|Publication number||US4116514 A|
|Application number||US 05/817,984|
|Publication date||Sep 26, 1978|
|Filing date||Jul 22, 1977|
|Priority date||Jul 22, 1977|
|Also published as||CA1101619A, CA1101619A1|
|Publication number||05817984, 817984, US 4116514 A, US 4116514A, US-A-4116514, US4116514 A, US4116514A|
|Inventors||Tom M. Lawrence|
|Original Assignee||Lawrence Brothers, Inc.|
|Export Citation||BiBTeX, EndNote, RefMan|
|Patent Citations (2), Referenced by (44), Classifications (26)|
|External Links: USPTO, USPTO Assignment, Espacenet|
The present invention relates in general to hinges and, more particularly, to a hinge so constructed that a hinge pin thereof once inserted, cannot be driven out. Further, and also more particularly, this invention relates to a hinge constructed as described which further includes a concealed and tamper-proof conductor extending through a passage way formed therefor in the hinge.
In order to provide increased security for the exterior doors of offices, commercial and residential buildings, it is desirable to provide a security hinge which, once assembled and installed on the door, is difficult or impossible to dismantle by an intruder. This is especially true in the case of doors wherein leaf and knuckle type hinges are used, the knuckles thereof being exposed on one side of the door.
Leaf and knuckle type hinges are well known in the art and commonly comprise a pair of generally flat leaves attached to the door and the door frame, respectively. Each leaf includes one or more spaced apart knuckles which interfit with the knuckles of the opposite leaf, the knuckles each including a central axial bore, which bores are aligned coaxially with a pin or a pintle member, engaged therein to maintain assembly of the hinge parts. Arrangements known in the prior art include a pintle fitted inside of the aligned bores of the knuckles and an end cap provided at either end to enclose the knuckle bores and pintle, or pins attached to one or both of the end caps and extending through the aligned knuckle bores. In both cases it is a relatively simple matter to dismantle a hinge whose knuckles are exposed, by removing one of the end caps and driving out the pin or pintle by using a rod or the like, or by taking hold of an end cap with pliers or the like and forcibly pulling out the end cap and attached pin.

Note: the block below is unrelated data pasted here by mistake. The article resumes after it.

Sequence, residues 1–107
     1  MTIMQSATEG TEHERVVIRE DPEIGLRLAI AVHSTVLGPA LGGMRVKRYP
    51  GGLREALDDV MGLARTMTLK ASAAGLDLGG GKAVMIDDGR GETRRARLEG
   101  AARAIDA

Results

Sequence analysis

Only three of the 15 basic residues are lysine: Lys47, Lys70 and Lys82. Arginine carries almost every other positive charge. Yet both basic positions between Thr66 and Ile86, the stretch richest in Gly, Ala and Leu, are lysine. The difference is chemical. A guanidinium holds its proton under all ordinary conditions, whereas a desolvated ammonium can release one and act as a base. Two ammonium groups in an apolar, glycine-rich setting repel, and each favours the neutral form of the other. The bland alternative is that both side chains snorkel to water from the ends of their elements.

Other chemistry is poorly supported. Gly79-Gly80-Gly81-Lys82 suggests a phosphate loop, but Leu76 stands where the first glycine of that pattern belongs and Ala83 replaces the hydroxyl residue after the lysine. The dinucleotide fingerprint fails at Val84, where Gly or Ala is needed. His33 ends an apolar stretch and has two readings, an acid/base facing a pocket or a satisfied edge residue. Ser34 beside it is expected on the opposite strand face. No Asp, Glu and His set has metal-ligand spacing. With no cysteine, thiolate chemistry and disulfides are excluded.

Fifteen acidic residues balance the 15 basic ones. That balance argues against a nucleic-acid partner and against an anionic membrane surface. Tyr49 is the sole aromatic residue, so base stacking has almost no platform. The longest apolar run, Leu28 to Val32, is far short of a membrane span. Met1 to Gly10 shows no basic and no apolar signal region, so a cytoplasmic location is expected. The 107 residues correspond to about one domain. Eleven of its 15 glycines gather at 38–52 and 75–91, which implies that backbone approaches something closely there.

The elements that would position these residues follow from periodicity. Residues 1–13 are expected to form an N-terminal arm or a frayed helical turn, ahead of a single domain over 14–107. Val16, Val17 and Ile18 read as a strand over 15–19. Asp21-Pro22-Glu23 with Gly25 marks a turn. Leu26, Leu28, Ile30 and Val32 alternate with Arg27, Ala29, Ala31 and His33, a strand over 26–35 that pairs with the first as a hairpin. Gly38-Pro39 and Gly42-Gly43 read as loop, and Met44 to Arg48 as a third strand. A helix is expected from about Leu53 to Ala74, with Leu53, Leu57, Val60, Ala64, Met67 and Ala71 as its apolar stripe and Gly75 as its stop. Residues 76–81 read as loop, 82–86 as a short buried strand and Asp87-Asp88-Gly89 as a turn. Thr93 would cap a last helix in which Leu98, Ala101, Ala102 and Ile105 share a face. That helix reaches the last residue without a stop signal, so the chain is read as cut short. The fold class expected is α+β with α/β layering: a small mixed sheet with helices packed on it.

Additional security is also provided for many doors by the use of an electrically operated lock or by the use of an electrical system to monitor the door and energize a suitable alarm when the door is opened or when the lock is not properly engaged. It is necessary in either of the above applications to provide for the completion of an electrical circuit including a suitable conductor between the door frame and the door. Hinges adapted for the establishment of an electrical circuit between the door and door frame are known, as for example in U.S. Pat. Nos. 3,838,234; 3,842,386 and 3,857,625.
The prior art hinges while suited for the establishment of an electrical circuit, are not tamper-proof, and once detected, can easily be disassembled so that access to the conductors can be had and the security system compromised.
Accordingly, it is an object of the present invention to provide a new and improved hinge structure which provides maximum security in that the hinge structure is difficult, if not impossible to disassemble quickly once assembled.
Another object of the present invention is to provide a hinge structure in accordance with the foregoing object which includes means forming an electrically conductive path through the hinge structure.
Briefly, and in accordance with the foregoing objects, the present invention provides a security hinge comprising a pair of leaves, one of said leaves including at least a pair of spaced end knuckles and the other of said leaves including at least one intermediate knuckle positioned between the end knuckles. The end and intermediate knuckles each include a central axis bore, the bores being aligned coaxially. Pin means are disposed inside of the bore of at least one of said end knuckles for rotation and unison therewith, and extending into the bore of the intermediate knuckle. Stop means are provided for preventing the pin means from being driven completely through the end knuckle bore in the axially inward direction. Further, additional means preferably in the form of a second pin means is disposed in the opposite end of the bore preventing removal of said first pin means in the axially outer direction.
In a preferred embodiment, the maximum security hinge also includes conductor means and passage means formed in the hinge for housing and concealing from view conductor means passing through the hinge.
The foregoing, as well as other objects, features and advantages of the invention will be appreciated upon consideration of the following detailed description together with the accompanying drawings wherein like reference numerals are used throughout to indicate like elements and components.
FIG. 1 is a perspective view of an assembled maximum security hinge according to the invention;
FIG. 2 is a partially exploded view of the hinge of FIG. 1 revealing additional details thereof;
FIG. 3 is an enlarged, partial sectional view taken generally along the lines 3--3 of FIG. 1;
FIG. 4 is a perspective view of a maximum security hinge including a concealed and tamper-proof conductor, in accordance with the invention;